so what’s changed? first, i found the book 20 Ways to Draw a Tree by Eloise Renouf. then i drew every day during June + July for the Index Card a Day Challenge…well, not every day, but many! most of my drawings were influenced by the book. then i took the line drawing class with Lisa Congdon over at Creativebug (free with a 2 week trial). the class helped me to dissect the drawings in 20 Ways, to understand which ones i liked and why. it also gave me ideas–like adding color on the computer–that i never would have thought of myself.
drawing together with our children is a terrific way to spend time together. it’s a great way to build a family culture around making instead of only consuming. things quiet down, space for conversation appears, time opens up. of course, right about then the baby starts to choke on the crayon he’s been eating, but it’s sweet while it lasts! here are a few other resources to get you started:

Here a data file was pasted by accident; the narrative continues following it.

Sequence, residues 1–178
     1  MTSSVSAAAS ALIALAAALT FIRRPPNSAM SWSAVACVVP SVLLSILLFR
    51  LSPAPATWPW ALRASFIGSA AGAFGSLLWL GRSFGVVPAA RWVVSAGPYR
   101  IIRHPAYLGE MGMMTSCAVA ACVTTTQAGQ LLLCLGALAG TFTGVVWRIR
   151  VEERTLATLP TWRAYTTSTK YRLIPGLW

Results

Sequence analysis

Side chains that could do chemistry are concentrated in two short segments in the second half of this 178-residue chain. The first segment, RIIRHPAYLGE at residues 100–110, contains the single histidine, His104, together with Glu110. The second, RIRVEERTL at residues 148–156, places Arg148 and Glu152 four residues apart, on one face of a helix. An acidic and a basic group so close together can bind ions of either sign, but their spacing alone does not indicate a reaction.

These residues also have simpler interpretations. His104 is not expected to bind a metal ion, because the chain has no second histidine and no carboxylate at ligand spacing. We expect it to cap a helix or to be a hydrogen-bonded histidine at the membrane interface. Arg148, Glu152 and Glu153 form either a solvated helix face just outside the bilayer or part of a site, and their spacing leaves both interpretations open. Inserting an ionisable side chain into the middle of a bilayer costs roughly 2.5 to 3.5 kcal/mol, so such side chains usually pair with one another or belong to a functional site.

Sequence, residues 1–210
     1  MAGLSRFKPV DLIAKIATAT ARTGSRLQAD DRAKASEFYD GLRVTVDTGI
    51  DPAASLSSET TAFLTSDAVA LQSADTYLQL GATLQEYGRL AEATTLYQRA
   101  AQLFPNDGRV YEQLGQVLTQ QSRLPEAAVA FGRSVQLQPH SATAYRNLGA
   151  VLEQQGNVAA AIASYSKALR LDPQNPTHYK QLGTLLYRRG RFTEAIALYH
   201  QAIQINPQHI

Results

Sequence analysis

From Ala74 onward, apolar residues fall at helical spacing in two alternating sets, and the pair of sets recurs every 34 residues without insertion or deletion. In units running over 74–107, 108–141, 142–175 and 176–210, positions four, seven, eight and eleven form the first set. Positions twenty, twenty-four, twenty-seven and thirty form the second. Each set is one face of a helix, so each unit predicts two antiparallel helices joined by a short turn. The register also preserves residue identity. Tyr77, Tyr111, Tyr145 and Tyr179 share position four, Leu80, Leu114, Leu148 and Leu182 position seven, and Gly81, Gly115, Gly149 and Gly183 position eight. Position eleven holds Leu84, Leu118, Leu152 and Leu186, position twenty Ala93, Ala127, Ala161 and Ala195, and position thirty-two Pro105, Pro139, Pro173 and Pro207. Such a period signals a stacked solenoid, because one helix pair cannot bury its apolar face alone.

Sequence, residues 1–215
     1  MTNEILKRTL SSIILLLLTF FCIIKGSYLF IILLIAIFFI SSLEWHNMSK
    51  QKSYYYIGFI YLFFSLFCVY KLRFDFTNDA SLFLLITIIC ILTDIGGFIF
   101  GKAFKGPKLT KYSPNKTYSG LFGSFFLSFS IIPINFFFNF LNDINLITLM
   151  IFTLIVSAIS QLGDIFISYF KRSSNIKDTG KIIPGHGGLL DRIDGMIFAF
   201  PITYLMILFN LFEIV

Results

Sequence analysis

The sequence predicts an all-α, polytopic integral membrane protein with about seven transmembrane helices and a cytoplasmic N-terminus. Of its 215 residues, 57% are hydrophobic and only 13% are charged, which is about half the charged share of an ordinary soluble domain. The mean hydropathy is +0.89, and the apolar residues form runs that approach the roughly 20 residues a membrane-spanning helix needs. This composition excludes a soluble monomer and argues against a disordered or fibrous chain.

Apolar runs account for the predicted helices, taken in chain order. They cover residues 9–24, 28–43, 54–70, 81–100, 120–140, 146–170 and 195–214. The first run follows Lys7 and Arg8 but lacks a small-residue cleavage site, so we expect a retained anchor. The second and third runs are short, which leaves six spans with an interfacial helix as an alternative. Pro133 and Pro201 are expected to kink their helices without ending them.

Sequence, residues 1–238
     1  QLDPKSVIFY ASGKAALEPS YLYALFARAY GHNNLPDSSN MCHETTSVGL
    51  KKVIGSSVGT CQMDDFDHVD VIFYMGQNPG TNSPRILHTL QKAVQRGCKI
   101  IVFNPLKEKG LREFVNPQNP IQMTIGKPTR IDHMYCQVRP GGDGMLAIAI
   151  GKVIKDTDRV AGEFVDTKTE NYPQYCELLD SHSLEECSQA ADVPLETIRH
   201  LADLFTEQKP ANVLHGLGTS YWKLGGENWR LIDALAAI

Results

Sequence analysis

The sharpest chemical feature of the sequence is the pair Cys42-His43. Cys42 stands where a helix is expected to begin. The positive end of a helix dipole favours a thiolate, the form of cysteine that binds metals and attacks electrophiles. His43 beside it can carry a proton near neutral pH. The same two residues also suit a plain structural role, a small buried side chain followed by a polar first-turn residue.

- Tammy at Daisy Yellow Art hosts ICAD every year…but she shares her art + ideas all year long.
- Jude Siegel has written a book called A Pacific Northwest Nature Sketchbook where she talks about a kind of blind contour drawing she calls spirit drawing. fascinating!
- we often simply color as a spiritual practice as part of our saint day celebrations.
in her wonderful book Honey for a Child’s Heart, Gladys Hunt says that if you have to decide every time that you are going to read aloud, you probably won’t do it very often. like so many bits of wisdom from her book, this idea has been singing to me, making its home with me. during this next week together i want to talk about ways to build more of what we want into our days. these are simple shifts, habits of mind, paths made in the light.
i’ve already written about journaling, the first–and strongest–habit for me. keeping a journal is a foundational habit. it’s one that will sustain you as you continue to build. i use my journal to collect quotes as i read, to make endless lists, to draw, to record our school work, to plan, and to think!